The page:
Meltdown II – paying the price of ignoring the problem

The Slog’s predecessor nby opined at the end of last year that the world financial, economic and cultural crisis was about 25-30% over. At some time during the next nine months, we will be seriously into the middle segment of this unfolding change from one way of life to another. I have no more idea whether the process will peak later this year, halfway through 2011, or by the end of 2012, because I can no more predict the exact catalysts (and the exact responses to them) than anyone else can. Further, the 2007-8 crisis taught me that predicting speed of progress once the train leaves the tracks is a mug’s game.

All one can do is point out – again – the obvious reasons why we must endure more culture shock:

* The gold, the power and the impetus is heading East
* Western capitalism can only keep going by everyone spending more than they earn
* Leading G20 politicians are in denial about the system’s structural dysfunction
* A tiny minority of madmen remain convinced that they and they alone deserve to have all the cash and usurp all the power
* The financing of business is overdependent on Bourse insanity.
* EU implosion, Russian instability, Chinese ambitions and an energy crisis have all arrived at the same moment
* Nobody is even thinking about fiscal and banking reform -let alone planning and implementing it
* A combination of media avarice, educational dumbing down, and lost civic values is creating feral citizens at all levels of Western and African society

So as a rest from marvelling at the tall but shaky edifice that is our political Ivory Tower, here are some of the latest railroad signal-boxes pointing in the wrong direction:

Lenders in Arizona, California, Minnesota and Florida were closed by regulators, with the Federal Deposit Insurance Corporation (FDIC) named receiver – bringing this year’s total bank failures to 68. U.S. banks are collapsing amid losses on residential and commercial real estate loans, and the FDIC’s list of “problem” lenders is the longest since 1992, at 702.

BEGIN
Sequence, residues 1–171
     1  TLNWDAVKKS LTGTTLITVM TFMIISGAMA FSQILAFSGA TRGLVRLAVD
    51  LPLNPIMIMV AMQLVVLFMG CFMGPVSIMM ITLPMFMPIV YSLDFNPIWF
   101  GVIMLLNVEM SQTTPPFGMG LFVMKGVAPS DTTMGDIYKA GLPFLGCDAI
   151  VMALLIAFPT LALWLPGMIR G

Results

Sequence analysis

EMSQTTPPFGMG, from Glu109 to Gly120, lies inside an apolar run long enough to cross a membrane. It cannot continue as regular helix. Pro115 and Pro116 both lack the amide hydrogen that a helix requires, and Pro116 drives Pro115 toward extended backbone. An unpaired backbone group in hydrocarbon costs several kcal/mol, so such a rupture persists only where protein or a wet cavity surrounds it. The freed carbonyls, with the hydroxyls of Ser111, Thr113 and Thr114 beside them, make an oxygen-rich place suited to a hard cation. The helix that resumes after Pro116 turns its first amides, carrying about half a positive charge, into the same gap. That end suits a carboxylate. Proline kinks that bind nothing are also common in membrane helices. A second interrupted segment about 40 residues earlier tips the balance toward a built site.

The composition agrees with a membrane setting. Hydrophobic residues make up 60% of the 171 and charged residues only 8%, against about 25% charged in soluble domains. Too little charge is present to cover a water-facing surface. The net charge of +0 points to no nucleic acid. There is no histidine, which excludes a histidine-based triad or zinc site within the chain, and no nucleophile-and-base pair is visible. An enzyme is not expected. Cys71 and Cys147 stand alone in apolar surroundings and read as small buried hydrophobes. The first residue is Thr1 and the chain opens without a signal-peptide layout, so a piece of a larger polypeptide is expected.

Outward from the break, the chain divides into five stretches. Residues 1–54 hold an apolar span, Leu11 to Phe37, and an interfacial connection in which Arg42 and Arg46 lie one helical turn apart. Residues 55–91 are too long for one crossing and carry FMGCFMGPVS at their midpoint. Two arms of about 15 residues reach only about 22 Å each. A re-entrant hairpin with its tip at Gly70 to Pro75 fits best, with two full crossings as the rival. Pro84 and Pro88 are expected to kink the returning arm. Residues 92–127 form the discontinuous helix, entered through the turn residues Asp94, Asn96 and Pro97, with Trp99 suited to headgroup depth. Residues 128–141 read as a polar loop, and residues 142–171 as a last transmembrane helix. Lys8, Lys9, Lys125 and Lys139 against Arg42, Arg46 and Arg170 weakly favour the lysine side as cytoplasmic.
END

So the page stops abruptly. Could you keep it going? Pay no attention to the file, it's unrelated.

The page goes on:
As Greek deficit contagion officially spread to Spain and Portugal, the Euro lost 4.8% in five trading days. Jolted into action by the sliding currency and soaring bond yields in Portugal and Spain, leaders of the 16 euro countries worked all weekend on an emergency ‘backstop’ fund. ECB chief Jean-Claude Trichet, having effectively underwritten Greek bonds, is (surprise, surprise) now under pressure from Iberian banks to do the same there.

The Europe 600 index dropped 8.3% this week. The FTSE dropped 500 points over the same period, and the Dow 800 points. Gold – the ultimate barometer of fear – zoomed back up to over $1200 an ounce.

Bloomberg quotes ‘a senior UK official’ this morning saying that “Britain won’t contribute to the fund aimed at euro countries that essentially duplicates the work of the International Monetary Fund”. This is weasel stuff: it’s no longer about the IMF, because the new plan now is for the EU to launch a war-chest without the IMF: and Britain will have to pay for this….which will drag us down with the Euro.

This last point is a killer from the UK perspective. We can’t afford to get involved in this, because we’re drowning too. As today’s earlier post suggests, neither media nor negotiators have spotted that, outside in the real world, the British people just got volunteered to join in a bailout process of which they may later be luckless beneficiaries of too little too late.